Older readers will know exactly what I mean by this blog-post title: times when our energy levels take a sudden dip and everything, everything, becomes a huge effort. If you haven’t yet experienced this phenomenon, bless God and pass on. This post is not for you.
If you are still reading, then you know that you are, or have been, in the company of someone who has experienced exactly the same thing — our Lord Jesus Christ. Today’s gospel, Matthew 14. 22-36, describes the disciples battling heavy seas and Jesus walking towards them on the lake. Peter jumps into the sea in his enthusiasm, but fear and exhaustion take their toll and he begins to sink. Jesus stretches out his arm and saves him. According to Mark 4.35–41, something similar has happened before. The disciples have been on the lake when a storm has blown up and they have had to rouse Jesus ‘lying in the stern, with his head on a cushion, asleep’ to rebuke the winds and sea. Why was Jesus asleep in the stern? How did he manage to sleep through the storm? It can only have been sheer weariness. He too ran out of steam, just like us.
Being tired is not, of itself, a particularly holy state; but it has the potential to let holiness in. Scripture provides us with several instances of God’s speaking through dreams but also a few occasions when tiredness and exasperation do their work. Think of Naaman the Leper, incensed at being told, after all his trouble, to go and wash in the river seven times. He is ready to storm off but his slave-girl saves him from his folly. Somehow, his being at his wits’ end about his illness makes him receptive to God’s action in a way that all the blessings he has enjoyed hitherto have not. It is the same with us. Sometimes it is only because we have reached the whimpering stage that we can be open to God. We cannot; so God must.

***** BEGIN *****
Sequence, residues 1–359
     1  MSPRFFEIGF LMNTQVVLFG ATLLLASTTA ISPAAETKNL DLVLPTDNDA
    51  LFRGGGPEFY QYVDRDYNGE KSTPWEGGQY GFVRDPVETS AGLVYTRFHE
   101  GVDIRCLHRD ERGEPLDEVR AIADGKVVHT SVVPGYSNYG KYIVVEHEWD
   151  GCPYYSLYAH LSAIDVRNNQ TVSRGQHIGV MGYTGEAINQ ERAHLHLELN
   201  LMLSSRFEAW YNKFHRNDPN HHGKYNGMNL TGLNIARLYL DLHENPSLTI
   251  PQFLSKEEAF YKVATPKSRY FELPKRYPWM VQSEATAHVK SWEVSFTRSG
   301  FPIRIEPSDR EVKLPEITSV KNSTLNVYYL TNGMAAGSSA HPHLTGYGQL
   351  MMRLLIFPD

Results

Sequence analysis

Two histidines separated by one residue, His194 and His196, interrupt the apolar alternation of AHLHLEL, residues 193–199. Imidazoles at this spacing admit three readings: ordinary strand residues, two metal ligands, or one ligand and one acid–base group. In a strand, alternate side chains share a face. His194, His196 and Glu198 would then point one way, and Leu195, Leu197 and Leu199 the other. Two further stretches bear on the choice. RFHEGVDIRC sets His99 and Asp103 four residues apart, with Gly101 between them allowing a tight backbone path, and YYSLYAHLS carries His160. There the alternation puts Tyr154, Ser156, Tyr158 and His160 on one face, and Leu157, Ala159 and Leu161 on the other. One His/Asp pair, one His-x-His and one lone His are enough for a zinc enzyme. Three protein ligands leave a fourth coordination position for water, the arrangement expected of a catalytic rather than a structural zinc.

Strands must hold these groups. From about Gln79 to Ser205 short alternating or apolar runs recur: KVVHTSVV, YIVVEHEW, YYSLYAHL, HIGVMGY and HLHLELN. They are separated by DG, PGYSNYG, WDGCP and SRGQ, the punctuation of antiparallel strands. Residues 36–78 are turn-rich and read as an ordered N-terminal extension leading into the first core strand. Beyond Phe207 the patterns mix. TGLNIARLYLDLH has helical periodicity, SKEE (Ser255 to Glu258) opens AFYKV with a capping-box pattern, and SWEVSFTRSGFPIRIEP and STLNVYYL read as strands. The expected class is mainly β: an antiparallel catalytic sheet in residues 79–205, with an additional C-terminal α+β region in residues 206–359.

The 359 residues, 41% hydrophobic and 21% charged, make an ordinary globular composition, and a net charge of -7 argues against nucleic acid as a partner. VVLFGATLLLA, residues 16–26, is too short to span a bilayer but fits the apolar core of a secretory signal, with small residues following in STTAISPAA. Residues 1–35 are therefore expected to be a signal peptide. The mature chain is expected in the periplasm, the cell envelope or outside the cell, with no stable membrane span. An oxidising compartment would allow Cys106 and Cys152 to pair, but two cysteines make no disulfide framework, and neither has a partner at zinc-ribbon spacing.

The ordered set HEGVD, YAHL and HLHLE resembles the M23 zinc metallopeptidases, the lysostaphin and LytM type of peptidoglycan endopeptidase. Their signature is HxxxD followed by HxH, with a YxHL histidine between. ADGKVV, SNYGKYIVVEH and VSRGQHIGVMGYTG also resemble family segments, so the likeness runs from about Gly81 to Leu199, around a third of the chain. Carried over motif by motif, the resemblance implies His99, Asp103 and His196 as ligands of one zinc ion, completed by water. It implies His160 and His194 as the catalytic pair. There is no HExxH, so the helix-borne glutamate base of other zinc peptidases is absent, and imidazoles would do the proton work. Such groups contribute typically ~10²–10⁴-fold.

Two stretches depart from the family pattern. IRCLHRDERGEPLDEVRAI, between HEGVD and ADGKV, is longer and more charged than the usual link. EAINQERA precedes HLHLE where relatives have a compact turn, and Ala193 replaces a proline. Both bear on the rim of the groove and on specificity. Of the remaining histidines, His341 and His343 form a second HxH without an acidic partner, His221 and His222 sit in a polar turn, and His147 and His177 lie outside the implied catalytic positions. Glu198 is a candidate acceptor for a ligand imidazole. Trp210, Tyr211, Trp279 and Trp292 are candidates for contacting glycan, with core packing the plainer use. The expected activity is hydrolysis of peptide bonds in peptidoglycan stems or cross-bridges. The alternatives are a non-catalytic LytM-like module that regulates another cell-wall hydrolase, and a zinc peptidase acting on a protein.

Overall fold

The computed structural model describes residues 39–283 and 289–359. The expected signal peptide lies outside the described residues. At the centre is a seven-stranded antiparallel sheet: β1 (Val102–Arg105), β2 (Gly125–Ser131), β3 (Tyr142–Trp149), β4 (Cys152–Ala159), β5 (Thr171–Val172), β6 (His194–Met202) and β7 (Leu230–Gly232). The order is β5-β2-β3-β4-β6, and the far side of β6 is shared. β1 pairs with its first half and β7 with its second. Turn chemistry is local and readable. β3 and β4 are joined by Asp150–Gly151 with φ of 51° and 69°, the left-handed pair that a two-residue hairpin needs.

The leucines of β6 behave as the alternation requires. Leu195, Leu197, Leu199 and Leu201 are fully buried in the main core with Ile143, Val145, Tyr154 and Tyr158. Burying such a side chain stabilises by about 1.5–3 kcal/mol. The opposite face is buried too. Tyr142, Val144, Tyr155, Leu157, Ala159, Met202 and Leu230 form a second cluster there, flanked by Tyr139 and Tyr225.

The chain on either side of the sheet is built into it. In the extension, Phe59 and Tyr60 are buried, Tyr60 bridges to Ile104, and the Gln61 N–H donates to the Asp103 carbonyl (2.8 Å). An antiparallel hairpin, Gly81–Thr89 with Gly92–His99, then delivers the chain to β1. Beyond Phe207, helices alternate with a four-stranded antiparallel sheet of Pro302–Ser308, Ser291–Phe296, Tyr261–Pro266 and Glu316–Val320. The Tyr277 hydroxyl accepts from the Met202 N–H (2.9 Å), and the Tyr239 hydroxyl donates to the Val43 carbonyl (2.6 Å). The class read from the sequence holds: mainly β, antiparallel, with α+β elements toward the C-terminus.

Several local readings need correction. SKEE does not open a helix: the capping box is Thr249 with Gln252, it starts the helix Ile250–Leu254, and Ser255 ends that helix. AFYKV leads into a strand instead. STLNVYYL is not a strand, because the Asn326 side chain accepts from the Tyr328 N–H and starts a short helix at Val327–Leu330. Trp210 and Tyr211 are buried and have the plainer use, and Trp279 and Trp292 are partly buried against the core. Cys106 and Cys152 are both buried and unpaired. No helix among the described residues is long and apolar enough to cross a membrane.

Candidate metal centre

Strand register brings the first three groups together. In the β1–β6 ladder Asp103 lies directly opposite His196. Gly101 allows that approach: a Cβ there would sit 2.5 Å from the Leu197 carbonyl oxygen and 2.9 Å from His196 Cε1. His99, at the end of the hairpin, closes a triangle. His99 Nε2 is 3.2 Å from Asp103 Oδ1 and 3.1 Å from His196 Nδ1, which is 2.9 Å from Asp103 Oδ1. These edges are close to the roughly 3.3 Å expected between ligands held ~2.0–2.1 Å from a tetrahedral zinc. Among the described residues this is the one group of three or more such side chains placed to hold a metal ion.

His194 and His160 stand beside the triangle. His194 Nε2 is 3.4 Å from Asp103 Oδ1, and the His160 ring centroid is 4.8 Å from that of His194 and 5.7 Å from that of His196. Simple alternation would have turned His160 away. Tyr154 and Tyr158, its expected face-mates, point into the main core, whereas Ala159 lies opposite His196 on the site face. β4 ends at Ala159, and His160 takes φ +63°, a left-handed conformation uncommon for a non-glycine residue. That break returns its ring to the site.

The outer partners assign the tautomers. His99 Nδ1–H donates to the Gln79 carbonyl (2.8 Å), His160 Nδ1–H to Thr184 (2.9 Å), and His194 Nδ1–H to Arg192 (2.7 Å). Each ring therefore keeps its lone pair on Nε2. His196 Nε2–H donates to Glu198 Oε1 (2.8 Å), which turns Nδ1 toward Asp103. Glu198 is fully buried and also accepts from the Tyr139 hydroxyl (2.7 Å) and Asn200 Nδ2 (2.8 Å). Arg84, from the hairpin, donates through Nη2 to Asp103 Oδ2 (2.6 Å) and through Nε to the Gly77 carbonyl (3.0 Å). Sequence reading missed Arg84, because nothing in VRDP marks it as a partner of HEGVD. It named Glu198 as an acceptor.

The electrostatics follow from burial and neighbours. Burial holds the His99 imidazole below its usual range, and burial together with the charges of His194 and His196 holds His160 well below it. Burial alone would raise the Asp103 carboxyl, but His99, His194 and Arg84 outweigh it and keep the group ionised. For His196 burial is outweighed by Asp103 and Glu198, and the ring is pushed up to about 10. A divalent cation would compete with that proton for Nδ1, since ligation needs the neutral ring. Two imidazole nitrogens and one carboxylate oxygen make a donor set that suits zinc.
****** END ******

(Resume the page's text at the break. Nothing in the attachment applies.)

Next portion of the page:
There is one caveat to mention, however. Running out of steam is not the same as being exhausted. Exhaustion is a serious matter and cannot be put right by just a good night’s sleep. When we are exhausted our judgement goes, along with our energy. Our first care must be to rest and regain our balance. I don’t need to tell you how difficult that can be, but it is necessary. If, this morning, however, you are feeling out of sorts, tired, a little bit tetchy, you are not exhausted but you are, potentially, open to God. Your defences are down; you are vulnerable. Excellent! God may be able to gain your attention. Please let him do so.